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The quick guide to creating a soundtrack
Composing for film or TV used to be pretty much a no-no if you were a bedroom producer, but new technology means that it’s now possible to create a decent soundtrack using just a computer and some software. If you want to start writing music for moving pictures – even if it’s just your home videos – MusicRadar has some must-read advice…
1. Learn music theory
There’s no greater requirement for writing full orchestral scores than a sound knowledge of music theory. If you play an instrument to a high level, start writing music for that instrument and learn about transcription, key and time signatures… the lot. It’s important to learn about the different articulations each instrument can play, so that these can become part of your creative armoury. Listen to as many soundtracks and orchestral pieces as you can and build up a mental library.
2. Invest in an orchestral library
Synthesis is great for many things, but if you want authentic orchestral sounds, the only thing that comes close to the real thing is a dedicated orchestral ROMpler. Garritan’s Personal Orchestra will get you started, while more still can be done with IK Multimedia’s Miroslav Philharmonik, which even includes a choir!
3. Find your hook or melody
If you want something big and lush, you’re going to end up writing for lots of instruments. Remember to start with something concise, though, so that you can build from that foundation.
4. Think about rhythm
For a blockbuster sound, a strong sense of rhythm will be required. But remember: rhythm doesn’t just mean drums – you should also think about the articulations you put into other instruments. Short, staccato notes will help you keep things rhythmic.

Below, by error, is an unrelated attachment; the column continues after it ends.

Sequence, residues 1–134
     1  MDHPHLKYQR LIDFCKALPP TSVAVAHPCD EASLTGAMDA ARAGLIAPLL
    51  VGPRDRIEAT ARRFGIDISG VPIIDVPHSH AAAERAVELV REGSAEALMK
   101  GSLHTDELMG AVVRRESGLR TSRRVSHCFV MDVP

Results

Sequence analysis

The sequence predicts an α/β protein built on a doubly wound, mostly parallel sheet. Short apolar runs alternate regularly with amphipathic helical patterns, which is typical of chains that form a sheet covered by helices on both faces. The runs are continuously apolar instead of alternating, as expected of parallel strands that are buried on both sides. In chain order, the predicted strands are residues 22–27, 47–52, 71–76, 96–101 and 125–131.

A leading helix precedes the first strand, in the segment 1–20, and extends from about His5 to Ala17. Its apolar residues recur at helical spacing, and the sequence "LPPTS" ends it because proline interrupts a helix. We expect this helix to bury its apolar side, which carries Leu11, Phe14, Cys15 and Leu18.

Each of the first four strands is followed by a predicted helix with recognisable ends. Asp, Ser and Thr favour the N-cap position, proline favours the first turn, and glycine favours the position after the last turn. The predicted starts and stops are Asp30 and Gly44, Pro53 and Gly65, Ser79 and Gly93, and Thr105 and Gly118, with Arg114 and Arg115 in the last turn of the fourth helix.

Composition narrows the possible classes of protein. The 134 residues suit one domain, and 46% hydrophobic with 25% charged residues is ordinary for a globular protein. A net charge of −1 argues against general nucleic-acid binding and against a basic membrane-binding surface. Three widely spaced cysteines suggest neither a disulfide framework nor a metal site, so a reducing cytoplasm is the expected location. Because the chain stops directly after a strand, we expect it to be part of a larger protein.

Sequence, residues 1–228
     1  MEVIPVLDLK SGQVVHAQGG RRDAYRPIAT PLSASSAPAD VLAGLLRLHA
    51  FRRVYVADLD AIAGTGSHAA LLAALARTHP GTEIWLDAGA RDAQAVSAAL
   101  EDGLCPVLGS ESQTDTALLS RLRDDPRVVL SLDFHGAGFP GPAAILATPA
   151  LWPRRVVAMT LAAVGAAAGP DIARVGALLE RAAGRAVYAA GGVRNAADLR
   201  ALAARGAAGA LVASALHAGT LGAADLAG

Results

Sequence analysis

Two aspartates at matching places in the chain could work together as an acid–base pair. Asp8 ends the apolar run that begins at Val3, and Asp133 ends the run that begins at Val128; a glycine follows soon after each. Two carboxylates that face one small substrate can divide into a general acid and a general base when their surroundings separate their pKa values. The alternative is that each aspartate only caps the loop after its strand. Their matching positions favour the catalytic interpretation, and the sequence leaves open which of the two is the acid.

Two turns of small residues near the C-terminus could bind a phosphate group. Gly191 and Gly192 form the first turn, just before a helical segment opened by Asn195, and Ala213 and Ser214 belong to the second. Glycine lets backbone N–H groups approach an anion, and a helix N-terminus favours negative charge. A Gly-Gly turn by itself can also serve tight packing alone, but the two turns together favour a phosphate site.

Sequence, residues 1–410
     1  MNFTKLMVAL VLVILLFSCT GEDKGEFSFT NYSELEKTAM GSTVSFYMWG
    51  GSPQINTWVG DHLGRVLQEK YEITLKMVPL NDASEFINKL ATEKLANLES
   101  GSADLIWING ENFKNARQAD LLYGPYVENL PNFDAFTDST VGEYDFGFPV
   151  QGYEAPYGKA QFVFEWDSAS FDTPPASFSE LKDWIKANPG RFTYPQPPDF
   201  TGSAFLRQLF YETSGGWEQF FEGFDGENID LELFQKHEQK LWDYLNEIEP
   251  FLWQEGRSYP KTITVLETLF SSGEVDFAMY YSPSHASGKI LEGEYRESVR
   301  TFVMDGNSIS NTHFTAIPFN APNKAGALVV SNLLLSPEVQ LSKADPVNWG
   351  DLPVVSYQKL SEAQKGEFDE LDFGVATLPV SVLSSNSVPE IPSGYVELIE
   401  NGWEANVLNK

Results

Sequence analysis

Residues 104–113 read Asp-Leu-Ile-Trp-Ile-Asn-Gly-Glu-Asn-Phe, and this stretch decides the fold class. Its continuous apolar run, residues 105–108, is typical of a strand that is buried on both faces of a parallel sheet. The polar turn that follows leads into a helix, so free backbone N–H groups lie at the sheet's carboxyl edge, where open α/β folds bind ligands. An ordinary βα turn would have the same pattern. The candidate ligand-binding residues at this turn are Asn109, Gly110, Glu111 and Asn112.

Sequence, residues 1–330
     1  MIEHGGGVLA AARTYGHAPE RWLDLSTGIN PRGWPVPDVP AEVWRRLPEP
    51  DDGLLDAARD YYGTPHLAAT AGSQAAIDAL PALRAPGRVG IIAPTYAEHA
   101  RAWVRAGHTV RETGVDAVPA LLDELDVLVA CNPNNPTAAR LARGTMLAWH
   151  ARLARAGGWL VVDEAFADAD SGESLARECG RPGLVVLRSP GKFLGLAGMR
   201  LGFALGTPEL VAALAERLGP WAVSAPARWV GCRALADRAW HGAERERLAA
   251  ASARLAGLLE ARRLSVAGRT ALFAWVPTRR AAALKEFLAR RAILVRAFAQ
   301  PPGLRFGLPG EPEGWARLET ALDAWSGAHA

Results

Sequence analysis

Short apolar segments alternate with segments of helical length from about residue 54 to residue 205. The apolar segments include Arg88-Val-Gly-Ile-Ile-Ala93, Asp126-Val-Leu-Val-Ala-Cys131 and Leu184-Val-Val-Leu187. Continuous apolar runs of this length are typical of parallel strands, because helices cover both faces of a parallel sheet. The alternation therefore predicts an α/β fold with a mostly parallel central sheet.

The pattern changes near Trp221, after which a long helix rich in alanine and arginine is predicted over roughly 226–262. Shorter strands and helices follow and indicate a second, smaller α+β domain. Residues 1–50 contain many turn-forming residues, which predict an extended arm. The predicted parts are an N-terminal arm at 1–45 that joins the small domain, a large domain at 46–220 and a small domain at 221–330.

5. Work on your harmonies
Pop music harmony tends to lean towards triadic chords and fairly conventional chord progressions. Orchestral harmony has much greater scope, but you’ll drown in a sea of dissonance if you just throw any old notes down. Try something basic first and then complicate your harmony with inner parts that move.
6. Use variation
If you’re a dance music enthusiast who’s looking to get into movie scoring, forget where your Cycle or Loop button is! Although film music uses repetitive material, it tends to change each time a theme plays. Either a new instrument joins the melody, or the harmony or orchestration changes more dramatically.
7. Leave some space
Don’t overload the upper mid-range or treble during passages in the film that feature dialogue. Pop music convention states that space is left for the lead vocal, but this is three times as true for film soundtracks with dialogue content. Whilst it’s important that everyone gets to hear your masterpiece, remember that you’re employed in an accompanying role, and that music will always play second fiddle to onscreen dialogue. We musicians know how important sound is in shaping and driving the action, but you’ll never convince a director that it’s more important than actors talking. Show him that you know this with a voice-sensitive score.
8. Add FX
Become a master of making sounds from scratch using synths, samples and recorded sounds and you’ll go far. Patches such as Noise Kit from Battery 3 should get you started.
9. Work on the mix
Be aware of the balance of your sounds. With different performance articulations and lots of instruments, you can easily end up with tens of separate tracks in your sequencer, so try to mix a bit as you go. Let the lead instruments come through in the final mix.
If you’re looking for further inspiration, check out our blog on the best film scores ever.